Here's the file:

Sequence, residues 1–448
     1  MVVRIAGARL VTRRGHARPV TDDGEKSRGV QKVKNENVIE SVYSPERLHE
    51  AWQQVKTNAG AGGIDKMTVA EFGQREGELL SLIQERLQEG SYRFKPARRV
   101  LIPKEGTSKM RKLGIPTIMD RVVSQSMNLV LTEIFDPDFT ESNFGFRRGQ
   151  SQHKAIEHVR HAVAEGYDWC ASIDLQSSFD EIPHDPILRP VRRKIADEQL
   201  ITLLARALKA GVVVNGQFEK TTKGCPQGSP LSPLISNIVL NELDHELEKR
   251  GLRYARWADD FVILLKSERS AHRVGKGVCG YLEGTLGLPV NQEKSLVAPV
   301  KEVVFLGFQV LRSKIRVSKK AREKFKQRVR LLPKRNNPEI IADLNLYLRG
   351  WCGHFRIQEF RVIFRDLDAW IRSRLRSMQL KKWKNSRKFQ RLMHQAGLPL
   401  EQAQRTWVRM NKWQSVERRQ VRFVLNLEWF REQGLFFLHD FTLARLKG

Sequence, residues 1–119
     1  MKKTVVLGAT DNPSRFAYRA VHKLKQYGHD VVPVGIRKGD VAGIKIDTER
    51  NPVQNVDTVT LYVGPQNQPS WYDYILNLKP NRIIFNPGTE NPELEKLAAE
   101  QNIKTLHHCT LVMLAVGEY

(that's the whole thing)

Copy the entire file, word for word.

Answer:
Sequence, residues 1–448
     1  MVVRIAGARL VTRRGHARPV TDDGEKSRGV QKVKNENVIE SVYSPERLHE
    51  AWQQVKTNAG AGGIDKMTVA EFGQREGELL SLIQERLQEG SYRFKPARRV
   101  LIPKEGTSKM RKLGIPTIMD RVVSQSMNLV LTEIFDPDFT ESNFGFRRGQ
   151  SQHKAIEHVR HAVAEGYDWC ASIDLQSSFD EIPHDPILRP VRRKIADEQL
   201  ITLLARALKA GVVVNGQFEK TTKGCPQGSP LSPLISNIVL NELDHELEKR
   251  GLRYARWADD FVILLKSERS AHRVGKGVCG YLEGTLGLPV NQEKSLVAPV
   301  KEVVFLGFQV LRSKIRVSKK AREKFKQRVR LLPKRNNPEI IADLNLYLRG
   351  WCGHFRIQEF RVIFRDLDAW IRSRLRSMQL KKWKNSRKFQ RLMHQAGLPL
   401  EQAQRTWVRM NKWQSVERRQ VRFVLNLEWF REQGLFFLHD FTLARLKG

Sequence, residues 1–119
     1  MKKTVVLGAT DNPSRFAYRA VHKLKQYGHD VVPVGIRKGD VAGIKIDTER
    51  NPVQNVDTVT LYVGPQNQPS WYDYILNLKP NRIIFNPGTE NPELEKLAAE
   101  QNIKTLHHCT LVMLAVGEY